Moreover, febrile neutropenia commonly compromises the chemotherapeutic treatment being administered by necessitating a reduction in dose and/or interruption of treatment cycles, thereby directly affecting treatment efficacy, patient survival and quality of life [12]. As during initial cycles of chemotherapy it is common to develop febrile neutropenia, US and European guidelines recommend the use of stimulating growth factors in patients having > 20% risk of developing febrile neutropenia [13,14]. Elder are more prone to have metastatic disease and have more comorbidity than younger patients who usually present with less severe disease so elder show poor performance status [15,16].

It is observed that there are variations of haematological parameters in patients receiving chemotherapy on febrile neutropenia basis. Therefore, this study was aimed to focus on frequency of patients receiving chemotherapy and having febrile neutropenia, so that the appropriate chemotherapeutic plan can be devised to manage the patients accordingly. This may help decrease mortality and morbidity in future.
Materials and Methods
This was an observational study conducted in the Oncology Department of Jinnah Postgraduate Medical Centre, Karachi Pakistan. The study was done for duration of 6 months from November 2017 till April 2018 by utilizing non-probability convenient sampling technique. The study comprised of a total of 316 patients after receiving informed consent. The Ethical approval was taken from Ethical Review Board of Jinnah Postgraduate Medical Centre.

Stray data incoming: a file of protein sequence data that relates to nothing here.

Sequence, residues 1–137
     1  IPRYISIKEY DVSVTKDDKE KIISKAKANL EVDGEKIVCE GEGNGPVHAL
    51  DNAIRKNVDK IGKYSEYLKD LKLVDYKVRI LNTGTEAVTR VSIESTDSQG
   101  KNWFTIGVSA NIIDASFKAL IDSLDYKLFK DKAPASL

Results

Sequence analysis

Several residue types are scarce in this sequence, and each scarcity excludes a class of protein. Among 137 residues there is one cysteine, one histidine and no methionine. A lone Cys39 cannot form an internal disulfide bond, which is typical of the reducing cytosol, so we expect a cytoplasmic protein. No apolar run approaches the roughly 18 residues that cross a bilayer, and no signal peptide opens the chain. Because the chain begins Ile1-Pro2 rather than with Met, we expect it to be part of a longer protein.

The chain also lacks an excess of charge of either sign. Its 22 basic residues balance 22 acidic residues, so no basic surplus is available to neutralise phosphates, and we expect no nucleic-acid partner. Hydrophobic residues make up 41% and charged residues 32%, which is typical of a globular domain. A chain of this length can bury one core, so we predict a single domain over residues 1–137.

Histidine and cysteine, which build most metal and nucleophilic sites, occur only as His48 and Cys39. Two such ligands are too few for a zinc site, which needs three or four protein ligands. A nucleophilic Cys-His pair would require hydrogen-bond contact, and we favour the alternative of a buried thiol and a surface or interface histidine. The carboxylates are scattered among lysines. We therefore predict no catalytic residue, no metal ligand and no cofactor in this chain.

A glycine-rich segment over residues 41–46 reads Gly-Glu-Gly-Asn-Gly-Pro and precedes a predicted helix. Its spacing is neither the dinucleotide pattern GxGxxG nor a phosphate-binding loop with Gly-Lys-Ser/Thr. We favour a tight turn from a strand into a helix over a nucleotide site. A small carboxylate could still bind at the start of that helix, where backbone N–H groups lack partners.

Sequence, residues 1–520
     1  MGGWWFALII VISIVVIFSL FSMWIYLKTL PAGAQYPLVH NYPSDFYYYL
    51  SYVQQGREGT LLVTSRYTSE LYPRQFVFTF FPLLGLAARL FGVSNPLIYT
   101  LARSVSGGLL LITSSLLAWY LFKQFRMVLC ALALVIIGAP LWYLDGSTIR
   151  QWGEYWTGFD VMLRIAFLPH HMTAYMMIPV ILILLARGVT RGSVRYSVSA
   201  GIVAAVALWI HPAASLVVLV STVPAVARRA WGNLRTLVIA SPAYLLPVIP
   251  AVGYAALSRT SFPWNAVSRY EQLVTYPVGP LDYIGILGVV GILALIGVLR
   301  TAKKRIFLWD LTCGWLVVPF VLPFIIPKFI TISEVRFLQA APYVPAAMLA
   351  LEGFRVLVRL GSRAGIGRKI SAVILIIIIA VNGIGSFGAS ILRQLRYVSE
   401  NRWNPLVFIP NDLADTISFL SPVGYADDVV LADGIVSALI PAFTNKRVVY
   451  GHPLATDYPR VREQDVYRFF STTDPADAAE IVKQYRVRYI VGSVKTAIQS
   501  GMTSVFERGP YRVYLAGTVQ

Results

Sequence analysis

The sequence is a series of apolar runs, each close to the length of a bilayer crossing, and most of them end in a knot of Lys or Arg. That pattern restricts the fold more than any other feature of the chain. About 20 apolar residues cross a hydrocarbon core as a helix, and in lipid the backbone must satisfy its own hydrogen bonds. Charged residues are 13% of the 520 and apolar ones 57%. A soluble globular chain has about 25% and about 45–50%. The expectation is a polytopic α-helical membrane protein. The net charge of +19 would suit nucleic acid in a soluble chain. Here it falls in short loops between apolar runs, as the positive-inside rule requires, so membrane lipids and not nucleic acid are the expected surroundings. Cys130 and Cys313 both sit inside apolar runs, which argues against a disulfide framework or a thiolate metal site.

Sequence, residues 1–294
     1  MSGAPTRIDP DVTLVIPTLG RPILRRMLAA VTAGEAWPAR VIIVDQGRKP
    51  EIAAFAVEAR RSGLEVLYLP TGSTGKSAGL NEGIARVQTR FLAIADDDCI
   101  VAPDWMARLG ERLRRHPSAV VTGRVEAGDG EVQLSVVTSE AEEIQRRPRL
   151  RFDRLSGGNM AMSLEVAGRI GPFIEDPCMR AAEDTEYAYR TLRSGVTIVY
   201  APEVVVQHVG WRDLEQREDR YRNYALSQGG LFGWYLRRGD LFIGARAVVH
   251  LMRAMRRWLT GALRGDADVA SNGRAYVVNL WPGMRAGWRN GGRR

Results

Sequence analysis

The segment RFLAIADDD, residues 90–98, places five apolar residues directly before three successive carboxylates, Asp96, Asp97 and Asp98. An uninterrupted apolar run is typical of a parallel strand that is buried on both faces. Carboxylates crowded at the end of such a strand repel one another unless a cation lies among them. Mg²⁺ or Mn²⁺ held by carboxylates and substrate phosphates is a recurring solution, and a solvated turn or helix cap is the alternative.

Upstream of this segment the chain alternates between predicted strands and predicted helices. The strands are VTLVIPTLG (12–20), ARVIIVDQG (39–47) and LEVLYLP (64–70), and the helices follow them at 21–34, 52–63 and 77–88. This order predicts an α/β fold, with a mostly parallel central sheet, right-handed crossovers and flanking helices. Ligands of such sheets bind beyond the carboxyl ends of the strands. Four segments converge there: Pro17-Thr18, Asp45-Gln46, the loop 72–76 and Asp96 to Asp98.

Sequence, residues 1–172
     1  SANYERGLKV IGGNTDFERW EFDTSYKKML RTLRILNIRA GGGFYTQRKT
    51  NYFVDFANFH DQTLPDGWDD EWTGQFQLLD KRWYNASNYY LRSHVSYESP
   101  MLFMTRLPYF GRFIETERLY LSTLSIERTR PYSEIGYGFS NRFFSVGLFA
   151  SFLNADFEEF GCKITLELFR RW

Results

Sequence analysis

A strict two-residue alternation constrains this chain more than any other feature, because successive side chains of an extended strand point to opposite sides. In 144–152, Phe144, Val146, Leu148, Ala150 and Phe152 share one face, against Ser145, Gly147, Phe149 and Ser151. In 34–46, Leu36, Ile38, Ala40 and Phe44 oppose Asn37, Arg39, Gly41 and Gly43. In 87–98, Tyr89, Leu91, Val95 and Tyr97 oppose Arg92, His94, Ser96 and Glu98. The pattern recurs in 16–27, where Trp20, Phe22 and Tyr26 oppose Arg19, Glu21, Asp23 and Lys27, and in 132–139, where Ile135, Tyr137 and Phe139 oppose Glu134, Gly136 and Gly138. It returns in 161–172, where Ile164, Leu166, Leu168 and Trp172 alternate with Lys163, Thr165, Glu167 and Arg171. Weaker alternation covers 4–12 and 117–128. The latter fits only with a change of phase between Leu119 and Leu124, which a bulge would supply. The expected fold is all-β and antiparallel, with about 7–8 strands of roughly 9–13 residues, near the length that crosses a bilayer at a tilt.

Patients diagnosed as having cancer on histopathology, undergoing treatment with chemotherapeutic agent were included in this study. The different chemotherapeutic agents used were antibiotics like bleomycin, duanorubicin, and alkylting agents like cyclophophamide, dacarbazine, and microtubular inhibitors like docitexal, paclitexal, vincristine, vinblastitne, and steroids like prednisone and other agents like cisplatin, asparaginase and etoposide. Patients who had comorbid conditions such as diabetes, ischemic heart disease, or psychiatric illness and incomplete data were excluded from this study. The patients were divided into 2 groups based on presence and absence of febrile neutropenia receiving the chemotherapeutic regimen, Group 1 consisted of Group 1 (n=167) consisted of those patients that have developed febrile neutropenia and Group 2 (n=151) consisted of those patients that haven’t developed febrile neutropenia. The variables including age, weight, height, gender and body surface area, type of cancer, chemotherapy protocol, and number of days of chemotherapy, haemoglobin, total leukocyte count, neutrophils, monocytes, platelets, and creatinine were recorded.